Much praise must go to pianist Craig Terry. His playing was deeply sensitive to the singers, and he brought great style and panache to each number. He was particularly fine in the popular song section, dispatching some amazing runs and quick notes. He also seemed genuinely fond of both Owens and Brownlee, and they of him.

Happily, both of these singers will be prominently featured in Lyric’s 2017-18 season. Owens brings his Wotan to Die Walküre, the second part of Lyric’s new Ring Cycle under David Pountney. Brownlee will be seen in a role that seems ideal for his current prime vocal estate, Arturo in Bellini’s I Puritani.

  • Rick

    Thanks for the interesting and well-written review, HK.

    Your review make me wonder when I last read an unqualified positive review about Mr Owens? Definitely not in L’Amour de Loin. Also not in his latest Wagner forays. He got good reviews as the Water Sprite, I think. I am really wondering what is his ideal repertory? It has been a bit here and there, also singing Macbeth a few years back.

    I imagine some listers can enlighten me.

    • Bill

      Rick -- I for one was not very impressed with Eric Owen’s
      Water Sprite (at least compared with others I have seen).

  • Camille

    In skimming through the first few paragraphs I note the reviewer has used the words “uncomfortable”
    and “stiff”. Unfortunately, these are the qualities I have noticed in Mr. Owens, increasingly. I hate to
    see this as he strikes me as a fine and talented fellow and intelligent musically. I have come to
    not look forward to his appearances, as much as I have now come to anticipate Mr. Brownlee’s,
    who has grown immeasureably in his vocal delivery and his assurance on the stage since I’ve first seen him. His recent turn as the character Idreno in the Munich Semiramide was his best yet effort
    I’ve seen, and makes me anticipate his future roles here. Too bad he won’t be featured in next year’s Semiramide.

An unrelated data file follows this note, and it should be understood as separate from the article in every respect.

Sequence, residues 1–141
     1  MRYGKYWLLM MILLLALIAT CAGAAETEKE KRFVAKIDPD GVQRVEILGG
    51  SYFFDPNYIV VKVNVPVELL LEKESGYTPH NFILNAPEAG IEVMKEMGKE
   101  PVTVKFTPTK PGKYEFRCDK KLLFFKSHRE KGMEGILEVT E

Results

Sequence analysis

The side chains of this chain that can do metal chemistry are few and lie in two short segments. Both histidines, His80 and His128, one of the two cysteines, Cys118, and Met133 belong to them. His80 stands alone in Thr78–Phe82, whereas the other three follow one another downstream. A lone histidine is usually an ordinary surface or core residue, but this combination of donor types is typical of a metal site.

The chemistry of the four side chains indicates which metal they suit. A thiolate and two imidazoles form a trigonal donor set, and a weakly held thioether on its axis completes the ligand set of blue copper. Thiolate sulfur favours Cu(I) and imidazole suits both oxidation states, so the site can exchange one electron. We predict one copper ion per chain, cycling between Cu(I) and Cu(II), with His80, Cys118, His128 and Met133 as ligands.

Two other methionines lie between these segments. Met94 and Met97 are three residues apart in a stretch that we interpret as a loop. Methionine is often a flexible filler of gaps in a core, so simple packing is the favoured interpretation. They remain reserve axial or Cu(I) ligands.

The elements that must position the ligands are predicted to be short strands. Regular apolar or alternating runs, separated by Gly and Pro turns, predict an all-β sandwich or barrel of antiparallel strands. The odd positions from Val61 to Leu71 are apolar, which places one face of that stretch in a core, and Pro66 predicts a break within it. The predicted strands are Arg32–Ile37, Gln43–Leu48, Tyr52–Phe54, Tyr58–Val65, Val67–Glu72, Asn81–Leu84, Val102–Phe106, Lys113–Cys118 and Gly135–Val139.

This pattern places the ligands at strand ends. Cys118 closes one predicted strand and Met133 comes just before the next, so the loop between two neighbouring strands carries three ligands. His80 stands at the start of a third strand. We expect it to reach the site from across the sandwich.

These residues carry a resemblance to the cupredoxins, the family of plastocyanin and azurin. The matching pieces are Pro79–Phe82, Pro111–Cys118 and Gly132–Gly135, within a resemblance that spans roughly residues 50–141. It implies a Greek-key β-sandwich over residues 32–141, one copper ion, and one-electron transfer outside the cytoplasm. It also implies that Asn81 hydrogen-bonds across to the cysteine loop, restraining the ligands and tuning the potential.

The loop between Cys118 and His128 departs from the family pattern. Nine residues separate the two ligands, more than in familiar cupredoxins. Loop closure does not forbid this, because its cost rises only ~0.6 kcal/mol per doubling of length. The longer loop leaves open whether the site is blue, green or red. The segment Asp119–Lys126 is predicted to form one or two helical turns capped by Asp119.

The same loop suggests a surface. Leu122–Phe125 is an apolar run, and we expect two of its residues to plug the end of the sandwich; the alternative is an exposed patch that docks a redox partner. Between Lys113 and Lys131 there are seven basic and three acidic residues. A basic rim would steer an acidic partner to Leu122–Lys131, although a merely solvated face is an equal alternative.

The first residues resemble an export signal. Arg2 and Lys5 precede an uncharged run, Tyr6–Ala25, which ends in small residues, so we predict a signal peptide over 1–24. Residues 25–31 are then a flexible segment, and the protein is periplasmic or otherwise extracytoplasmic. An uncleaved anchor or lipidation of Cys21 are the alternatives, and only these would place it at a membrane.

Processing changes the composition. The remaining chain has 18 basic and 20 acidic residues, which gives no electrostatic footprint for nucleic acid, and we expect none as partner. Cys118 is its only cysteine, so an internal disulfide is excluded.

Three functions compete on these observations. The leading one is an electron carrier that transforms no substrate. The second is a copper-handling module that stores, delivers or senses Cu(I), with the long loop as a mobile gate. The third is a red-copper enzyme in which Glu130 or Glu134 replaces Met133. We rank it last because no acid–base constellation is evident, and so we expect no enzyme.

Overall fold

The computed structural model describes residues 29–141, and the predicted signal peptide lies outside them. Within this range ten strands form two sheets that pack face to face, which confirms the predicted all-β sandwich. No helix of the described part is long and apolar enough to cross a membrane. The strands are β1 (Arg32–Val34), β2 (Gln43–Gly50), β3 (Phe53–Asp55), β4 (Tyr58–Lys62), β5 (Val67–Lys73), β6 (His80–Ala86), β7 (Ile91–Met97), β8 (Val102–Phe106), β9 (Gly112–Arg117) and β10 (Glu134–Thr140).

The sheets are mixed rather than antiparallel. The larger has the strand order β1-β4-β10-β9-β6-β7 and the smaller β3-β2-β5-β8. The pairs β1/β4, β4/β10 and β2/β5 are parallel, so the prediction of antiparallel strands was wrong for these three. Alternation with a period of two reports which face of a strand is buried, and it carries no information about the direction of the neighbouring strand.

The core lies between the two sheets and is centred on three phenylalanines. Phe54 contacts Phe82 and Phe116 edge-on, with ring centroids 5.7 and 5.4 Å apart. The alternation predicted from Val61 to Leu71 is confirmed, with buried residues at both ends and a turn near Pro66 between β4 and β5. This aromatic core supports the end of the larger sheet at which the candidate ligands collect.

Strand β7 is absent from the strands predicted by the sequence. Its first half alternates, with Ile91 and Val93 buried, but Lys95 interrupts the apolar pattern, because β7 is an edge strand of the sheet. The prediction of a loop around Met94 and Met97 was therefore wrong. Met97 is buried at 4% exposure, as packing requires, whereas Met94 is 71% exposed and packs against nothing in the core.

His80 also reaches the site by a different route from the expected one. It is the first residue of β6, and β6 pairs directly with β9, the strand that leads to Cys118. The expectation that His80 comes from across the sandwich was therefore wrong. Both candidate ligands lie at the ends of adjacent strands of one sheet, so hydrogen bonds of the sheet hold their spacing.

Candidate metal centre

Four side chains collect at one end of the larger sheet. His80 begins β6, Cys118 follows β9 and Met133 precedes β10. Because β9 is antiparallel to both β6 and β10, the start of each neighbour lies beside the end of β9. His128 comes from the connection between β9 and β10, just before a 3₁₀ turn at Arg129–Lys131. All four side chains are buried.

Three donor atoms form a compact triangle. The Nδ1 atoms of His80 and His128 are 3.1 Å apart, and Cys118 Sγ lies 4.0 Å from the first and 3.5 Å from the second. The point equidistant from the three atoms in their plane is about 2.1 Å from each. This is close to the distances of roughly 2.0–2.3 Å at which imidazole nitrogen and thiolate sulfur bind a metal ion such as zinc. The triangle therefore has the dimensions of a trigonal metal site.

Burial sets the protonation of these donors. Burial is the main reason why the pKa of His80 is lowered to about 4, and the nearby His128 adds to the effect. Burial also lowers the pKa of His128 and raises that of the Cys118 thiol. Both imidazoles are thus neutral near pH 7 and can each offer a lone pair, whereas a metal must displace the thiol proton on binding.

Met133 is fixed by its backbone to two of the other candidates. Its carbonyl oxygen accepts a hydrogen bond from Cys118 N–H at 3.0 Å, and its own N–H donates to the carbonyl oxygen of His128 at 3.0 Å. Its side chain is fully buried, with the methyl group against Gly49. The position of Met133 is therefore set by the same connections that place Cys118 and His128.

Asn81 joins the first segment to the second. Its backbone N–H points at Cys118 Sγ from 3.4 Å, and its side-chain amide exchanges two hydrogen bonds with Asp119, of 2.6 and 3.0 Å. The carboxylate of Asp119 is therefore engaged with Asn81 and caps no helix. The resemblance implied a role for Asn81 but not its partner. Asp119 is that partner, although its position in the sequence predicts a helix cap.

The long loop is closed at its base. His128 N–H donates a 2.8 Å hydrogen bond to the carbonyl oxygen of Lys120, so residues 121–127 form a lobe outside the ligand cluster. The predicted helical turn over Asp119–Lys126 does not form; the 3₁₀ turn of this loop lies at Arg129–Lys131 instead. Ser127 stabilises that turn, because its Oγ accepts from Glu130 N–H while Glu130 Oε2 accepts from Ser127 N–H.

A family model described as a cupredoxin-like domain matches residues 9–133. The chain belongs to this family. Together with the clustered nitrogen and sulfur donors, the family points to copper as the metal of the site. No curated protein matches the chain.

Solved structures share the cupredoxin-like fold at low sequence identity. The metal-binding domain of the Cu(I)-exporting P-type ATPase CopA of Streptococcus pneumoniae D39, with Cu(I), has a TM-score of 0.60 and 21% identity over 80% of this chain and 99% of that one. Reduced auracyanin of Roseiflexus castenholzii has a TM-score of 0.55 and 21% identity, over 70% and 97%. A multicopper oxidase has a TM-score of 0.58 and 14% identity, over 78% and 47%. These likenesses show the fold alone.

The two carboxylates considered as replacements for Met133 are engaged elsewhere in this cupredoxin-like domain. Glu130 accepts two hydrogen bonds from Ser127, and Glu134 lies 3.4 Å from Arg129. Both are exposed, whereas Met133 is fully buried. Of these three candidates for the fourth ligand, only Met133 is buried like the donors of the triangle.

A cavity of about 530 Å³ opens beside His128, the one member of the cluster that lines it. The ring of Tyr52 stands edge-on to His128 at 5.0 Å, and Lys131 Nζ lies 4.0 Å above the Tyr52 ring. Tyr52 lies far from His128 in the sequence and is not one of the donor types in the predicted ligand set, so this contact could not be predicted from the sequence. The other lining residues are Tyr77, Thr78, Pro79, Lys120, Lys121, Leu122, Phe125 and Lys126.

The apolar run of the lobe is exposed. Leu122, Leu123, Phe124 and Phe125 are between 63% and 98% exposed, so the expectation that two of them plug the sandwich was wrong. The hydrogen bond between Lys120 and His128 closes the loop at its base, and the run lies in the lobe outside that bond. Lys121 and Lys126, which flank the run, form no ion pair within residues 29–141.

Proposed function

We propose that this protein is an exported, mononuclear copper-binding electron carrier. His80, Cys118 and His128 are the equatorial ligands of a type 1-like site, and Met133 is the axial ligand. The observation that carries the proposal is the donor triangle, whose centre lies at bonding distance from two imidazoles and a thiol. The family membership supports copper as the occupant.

Mr. Owens previewed a portion of his Wotan here with the New York Philharmonic, in a joint recital of Wagner excerpts alongside soprano Heidi Melton, and neither one impressed as suitable for these roles--at that time--though it did appear to be a sort of rehearsal, first read of the roles.
    I am hoping he gets some help, somehow with this stiffness which seems to plague him, as he is such a valuable voice and artist, not to mention a good person.

  • chicagoing

    I am happy to read this review as I decided to pass on this recital. I generally won’t commit to a weekend afternoon program (there are usually so many other things to do) and as it turned out it was a particularly beautiful afternoon in Chicago to spend outdoors. I did listen the previous evening, however, to the broadcast of the Lyric Opera Ryan Center program on WFMT which was recorded the previous Saturday. Patrick Guetti, who commanded attention in a small role in Eugene Onegin, presented a Russian selection, Song of the Viking Guest, from Sadko. The modest applause could only be accounted for by the unfamiliarity of the aria. Various ensemble members sang a selection from McTeague, which LOC commissioned and premiered in 1992, possibly hinting at a revival in an upcoming season. Future star Bradley Smoak sang a Kurt Weill selection, warming up for the finals of the Lotte Lenya Competition which take place on April 22nd. It was such a pleasure hearing him in so many roles during his tenure here, now ended. Wishing him luck.

  • Cameron Kelsall

    Owens strikes me as an artist not particularly well suited to the recital format. Mastery of languages, crisp diction, and textual insightfulness have never been his strong selling points.